Smoked Paprika

  • Make your own delicious baked beans (see Jane’s post from the other day!), or even just upgrade the tin you’ve got in your cupboard by sauteeing some onions, cooking out the paprika for a minute, and then adding the beans in.
  • It’s also brilliant to bring a lovely smokiness to a sausage casserole - another great store cupboard dinner.
  • Or mix a teaspoon of smoked paprika with 30g dried breadcrumbs and a pinch of salt, and use this to coat chunks of chicken breast. Drizzle with a little oil, bake in a hot oven for 10 minutes and you have some homemade chicken nuggets!

Ginger

  • If you’re after a baking activity to try with the kids, try the classic gingerbread (make sure it’s a biscuit recipe, not a cake one)! Any cutter shape works, so don’t panic if you don’t have people shaped ones. Dinosaurs, teapots, stars, even Christmas Trees. It’s not as if we know what day it is any more, is it?!
  • Spice up your shortbread by adding a teaspoon to the flour, or add a pinch to a crumble topping (a great pudding for using up fruit that’s on its way out, or alternatively you can use tinned or frozen).

Cinnamon

  • Not just for apple crumbles! Try adding a teaspoon of this comforting spice to the banana bread recipe that you’ve been meaning to bake for days. You can also add it to pancake batter (I’ll fight anyone who claims these are just a breakfast food). It’s also delicious in porridge, and flapjacks! I’ve yet to try it in any savoury dishes apart from in the depths of a tagine, but who knows what the rest of lockdown may bring…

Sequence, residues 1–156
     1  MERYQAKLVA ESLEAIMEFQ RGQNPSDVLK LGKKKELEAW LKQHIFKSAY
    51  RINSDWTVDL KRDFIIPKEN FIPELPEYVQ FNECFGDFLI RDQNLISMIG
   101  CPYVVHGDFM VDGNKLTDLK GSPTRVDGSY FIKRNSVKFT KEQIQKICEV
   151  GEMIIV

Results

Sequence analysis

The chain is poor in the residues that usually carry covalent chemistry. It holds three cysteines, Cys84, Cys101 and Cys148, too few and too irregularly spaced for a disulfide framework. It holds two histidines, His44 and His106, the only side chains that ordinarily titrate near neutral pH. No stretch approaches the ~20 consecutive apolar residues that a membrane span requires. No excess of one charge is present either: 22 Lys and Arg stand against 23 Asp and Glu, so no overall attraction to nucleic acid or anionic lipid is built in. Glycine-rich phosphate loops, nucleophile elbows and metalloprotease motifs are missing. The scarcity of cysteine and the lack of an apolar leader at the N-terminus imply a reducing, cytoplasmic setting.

Some more places I reccommend for store cupboard cooking inspiration:

- Jack Monroe’s amazing book Tin Can Cook. She also has a fantastic website full of cheap and easy recipes (https://cookingonabootstrap.com/) and has long campaigned on poverty issues.

- Niki Segnit’s The Flavour Thesaurus. This is almost always my first port of call when I have one ingredient I want to focus on (read: use up in a hurry) and am wondering what to pair with it. The only problem is that I find myself lost down a fascinating rabbit hole of information half an hour later, when my hungry tummy is starting to complain.

- Jenny Chandler’s Pulse. Seriously, what this woman doesn’t know about the humble pulse isn’t worth knowing. She puts legumes at the front and centre, and gives them a deservedly starring role in her recipes. She’s also one of the most inspirational people to have come and talked to us at Leiths; I could have listened to her for hours!

- Nigel Slater’s Tender, Volumes I & II. If you’ve been lucky enough to get hold of a fresh produce box delivery but you’re not quite sure what to do with the contents, have a flick through these beautiful books. Nigel devotes a chapter at a time to each fruit or vegetable, chronicling his adventures in growing them, the different varieties available, seasoning ideas, and delicious recipes. He writes in an extraordinarily comforting way, and his carrot cake recipe is the best I’ve ever used.


I’d love to see your store cupboard cooking! Get in touch if you have other ways to use up your spices. You can find me on instagram @maryqueenofscones

Author: Mary Clare